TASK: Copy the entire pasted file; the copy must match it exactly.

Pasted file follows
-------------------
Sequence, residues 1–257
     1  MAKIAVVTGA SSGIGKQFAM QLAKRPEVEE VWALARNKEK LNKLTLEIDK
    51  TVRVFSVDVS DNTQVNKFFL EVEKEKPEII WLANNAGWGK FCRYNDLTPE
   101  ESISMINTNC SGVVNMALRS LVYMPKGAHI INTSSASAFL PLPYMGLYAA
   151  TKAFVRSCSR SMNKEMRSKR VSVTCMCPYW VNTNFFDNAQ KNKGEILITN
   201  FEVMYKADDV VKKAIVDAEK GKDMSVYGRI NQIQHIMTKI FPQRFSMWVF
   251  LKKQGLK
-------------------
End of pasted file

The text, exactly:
Sequence, residues 1–257
     1  MAKIAVVTGA SSGIGKQFAM QLAKRPEVEE VWALARNKEK LNKLTLEIDK
    51  TVRVFSVDVS DNTQVNKFFL EVEKEKPEII WLANNAGWGK FCRYNDLTPE
   101  ESISMINTNC SGVVNMALRS LVYMPKGAHI INTSSASAFL PLPYMGLYAA
   151  TKAFVRSCSR SMNKEMRSKR VSVTCMCPYW VNTNFFDNAQ KNKGEILITN
   201  FEVMYKADDV VKKAIVDAEK GKDMSVYGRI NQIQHIMTKI FPQRFSMWVF
   251  LKKQGLK